The Minnesota Historical Society preserves and makes available a wide range of materials chronicling Minnesota's history and culture. The goals of the Collections Department are to collect and preserve; provide access and interpretation; and engage in education and outreach. This blog is a tool to share these stories and let people know what is happening in the department.
ATTENTION: The following letter and transcription contain language that is derogatory. We have chosen to include this letter and it's complete transcription as it provides evidence of the racism many African American soldiers experienced while serving during the War. However, it may be offensive to readers.
In a diary entry from this day, Victor Johnson gives insight into race relations in the army. He writes about how an African American soldier and a white soldier from C Company got into a fist fight. Based on Johnson's writings, it seems that the African American soldier came out on top, which led to all of C Company going in search of the man with loaded rifles. In the camp segregated existed, which Johnson called "The Mason Dixon line". Even though African American soldiers were fighting against the Germans and putting their lives against the line just as much as any white soldier, discrimination still remained.
Today they changed the shifts so now we go to work at 1.30 am this week and get thru at 12.30 am. Here in this camp they have quite a few niggers (One Regiment) and some time ago one of the boys in C Co. got into a fight with one of them and got cut up pretty bad. Right then and there, there was Hell a poping (sic). The whole company took there rifels (sic) and went on a hunt for the so said nigger and if they had gotten him before the guards did he would have been one numbered among the dead. Now they have taken the rifels (sic) and amunition (sic) away from them. They gave the niggers a good some as none of them have looked for trouble since. Here in camp they have what is known as the Mason Dickson line (one of the company streets) where the niggers are not allowed to go over to the white side not the whites to the niggers side.
Citation: Victor O. Johnson Diary. Minnesota Historical Society, St. Paul, Minnesota. P1987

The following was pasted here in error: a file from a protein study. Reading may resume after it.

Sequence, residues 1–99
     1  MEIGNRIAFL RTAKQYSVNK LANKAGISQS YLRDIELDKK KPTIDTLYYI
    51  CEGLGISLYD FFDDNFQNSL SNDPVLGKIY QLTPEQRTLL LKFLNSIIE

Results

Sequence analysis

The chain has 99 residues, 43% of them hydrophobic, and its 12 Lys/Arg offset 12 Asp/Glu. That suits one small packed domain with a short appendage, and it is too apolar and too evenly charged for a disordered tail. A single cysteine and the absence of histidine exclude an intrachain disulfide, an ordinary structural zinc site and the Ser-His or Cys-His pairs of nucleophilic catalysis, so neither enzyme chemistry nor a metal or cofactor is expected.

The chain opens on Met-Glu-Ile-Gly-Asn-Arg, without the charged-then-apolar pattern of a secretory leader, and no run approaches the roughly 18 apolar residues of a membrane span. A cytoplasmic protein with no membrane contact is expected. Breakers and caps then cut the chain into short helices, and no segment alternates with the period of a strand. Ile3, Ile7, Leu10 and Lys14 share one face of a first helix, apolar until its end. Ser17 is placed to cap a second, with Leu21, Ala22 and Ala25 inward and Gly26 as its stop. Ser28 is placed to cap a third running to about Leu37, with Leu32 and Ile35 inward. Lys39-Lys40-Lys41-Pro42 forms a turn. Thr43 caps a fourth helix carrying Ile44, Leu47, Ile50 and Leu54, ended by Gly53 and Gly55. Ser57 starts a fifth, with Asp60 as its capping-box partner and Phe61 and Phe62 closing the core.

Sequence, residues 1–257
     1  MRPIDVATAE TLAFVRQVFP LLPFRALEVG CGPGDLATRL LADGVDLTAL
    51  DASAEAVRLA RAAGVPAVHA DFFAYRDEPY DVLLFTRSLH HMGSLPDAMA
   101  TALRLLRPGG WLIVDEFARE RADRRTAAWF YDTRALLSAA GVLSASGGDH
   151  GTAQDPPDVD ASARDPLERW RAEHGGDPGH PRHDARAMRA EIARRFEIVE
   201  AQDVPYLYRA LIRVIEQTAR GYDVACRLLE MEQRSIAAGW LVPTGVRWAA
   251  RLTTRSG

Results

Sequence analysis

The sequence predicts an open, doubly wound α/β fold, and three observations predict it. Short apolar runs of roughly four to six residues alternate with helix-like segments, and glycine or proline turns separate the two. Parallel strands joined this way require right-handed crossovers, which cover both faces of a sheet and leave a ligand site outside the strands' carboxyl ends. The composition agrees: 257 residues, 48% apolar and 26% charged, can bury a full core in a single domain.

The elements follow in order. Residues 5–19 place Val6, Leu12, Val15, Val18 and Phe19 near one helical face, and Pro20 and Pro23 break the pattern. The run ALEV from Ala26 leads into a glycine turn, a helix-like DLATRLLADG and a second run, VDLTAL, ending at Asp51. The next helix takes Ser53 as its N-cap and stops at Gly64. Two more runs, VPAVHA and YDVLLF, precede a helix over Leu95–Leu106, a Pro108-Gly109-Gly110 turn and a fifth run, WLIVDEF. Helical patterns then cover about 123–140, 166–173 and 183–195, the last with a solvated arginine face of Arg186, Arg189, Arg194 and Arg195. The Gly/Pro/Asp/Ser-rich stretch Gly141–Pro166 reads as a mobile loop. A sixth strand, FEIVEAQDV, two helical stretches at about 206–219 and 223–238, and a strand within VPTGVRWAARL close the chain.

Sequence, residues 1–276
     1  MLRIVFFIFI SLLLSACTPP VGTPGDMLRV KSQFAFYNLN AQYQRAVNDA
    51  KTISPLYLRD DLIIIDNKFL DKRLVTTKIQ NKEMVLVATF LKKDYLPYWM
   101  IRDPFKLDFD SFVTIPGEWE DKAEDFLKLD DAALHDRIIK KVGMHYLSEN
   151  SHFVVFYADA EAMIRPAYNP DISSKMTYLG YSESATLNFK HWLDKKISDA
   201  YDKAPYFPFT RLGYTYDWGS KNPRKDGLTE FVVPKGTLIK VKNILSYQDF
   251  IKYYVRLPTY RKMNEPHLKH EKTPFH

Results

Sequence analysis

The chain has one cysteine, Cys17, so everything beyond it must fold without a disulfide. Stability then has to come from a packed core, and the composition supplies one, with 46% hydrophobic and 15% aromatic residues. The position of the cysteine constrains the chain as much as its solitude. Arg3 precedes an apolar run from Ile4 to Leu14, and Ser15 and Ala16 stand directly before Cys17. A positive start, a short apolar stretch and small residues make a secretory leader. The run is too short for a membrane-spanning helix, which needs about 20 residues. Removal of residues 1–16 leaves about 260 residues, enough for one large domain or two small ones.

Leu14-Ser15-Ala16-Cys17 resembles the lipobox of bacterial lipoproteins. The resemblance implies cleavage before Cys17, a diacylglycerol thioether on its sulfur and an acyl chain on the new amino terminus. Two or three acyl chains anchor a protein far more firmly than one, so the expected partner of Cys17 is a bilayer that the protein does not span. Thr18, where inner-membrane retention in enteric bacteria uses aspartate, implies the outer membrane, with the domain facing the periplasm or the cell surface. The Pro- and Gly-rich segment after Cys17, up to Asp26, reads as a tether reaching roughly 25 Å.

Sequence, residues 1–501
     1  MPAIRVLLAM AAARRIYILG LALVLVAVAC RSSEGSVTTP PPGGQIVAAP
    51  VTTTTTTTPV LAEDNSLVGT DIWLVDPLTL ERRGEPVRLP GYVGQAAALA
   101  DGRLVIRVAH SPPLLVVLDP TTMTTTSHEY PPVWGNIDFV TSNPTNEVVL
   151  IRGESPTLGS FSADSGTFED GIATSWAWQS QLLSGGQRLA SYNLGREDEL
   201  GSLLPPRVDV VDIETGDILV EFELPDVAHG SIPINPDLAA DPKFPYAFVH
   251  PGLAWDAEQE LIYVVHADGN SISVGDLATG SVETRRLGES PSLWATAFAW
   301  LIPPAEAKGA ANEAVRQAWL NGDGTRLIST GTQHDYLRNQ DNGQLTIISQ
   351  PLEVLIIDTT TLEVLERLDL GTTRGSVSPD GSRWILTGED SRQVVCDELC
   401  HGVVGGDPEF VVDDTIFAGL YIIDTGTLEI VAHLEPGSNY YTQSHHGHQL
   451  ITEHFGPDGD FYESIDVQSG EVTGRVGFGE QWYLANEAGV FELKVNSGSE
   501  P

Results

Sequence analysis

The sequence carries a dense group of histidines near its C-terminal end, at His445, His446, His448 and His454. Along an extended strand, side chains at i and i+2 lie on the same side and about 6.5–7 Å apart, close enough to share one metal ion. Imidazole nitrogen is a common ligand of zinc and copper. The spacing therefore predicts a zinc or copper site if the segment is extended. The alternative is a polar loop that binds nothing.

This draft assignment was for Tela Burt sent by the President of the United States on August 1st, 1918. Burt completed a tour of duty in France as a supply sergeant with the 809th Regiment of Pioneer Infantry. He loved music, and after his tour of duty he studied the saxophone and clarinet at MacPhail School of Music.
Citation: Tela Burt Materials. Minnesota Historical Society, St. Paul, Minnesota. 142.G.7.4F-2
Oscar Dahlgreen moved to the frontline in Ypres, France in August of 1918, where he experienced "No Man’s Land" and trench warfare for the first time. He wrote in his diary about some close calls he experienced during this time, saying that the experience is hard to explain and only those who have experienced it can truly know and understand.
[...] We finally found us getting near the front line trenches. We could see the flares of the vary lights got up and iluminate the sky. And we certainly felt funny to know that we now look out upon no mans land at last for the first time. The sight and feeling of such a time is hard to explain and only those that have experienced it can know. [...] Myself was on the first relief as guard on post together with an English Soldier a young lad. I started the watch on no mans land. The English soldier instructing me as to go at it. As it was terribly dark it was no easy matter to see as there were stubs of trees shot off and brush and werds and one almost thot we seen Germans prawling [sic] everywhere. The Eng. soldier told me not to look over the parapit too long at a time as it would strain the eyes so you would see Germans where there aren't any. [...] The enemy swept the trenches now and then with their machine guns and many times the bullets whistled close to my head. In places the trenches were so low that my whole body was exposed. [...] I bumped up against two men so suddenly and unexpectedly no knowing whether enemy or friend quick as lighting I grabbed the one and shoved him up against the other one. for along time we hung onto each other at least it seemed ages. Finally the flare light went up on us and I found one I held was trying to run a bayonet into me. The point was at my [he...th]. O God I could not utter a word or a cry. Finally the others started to say whats the matter whats the matter and then I realized they were English and I said the password which was whiskey that night. [...]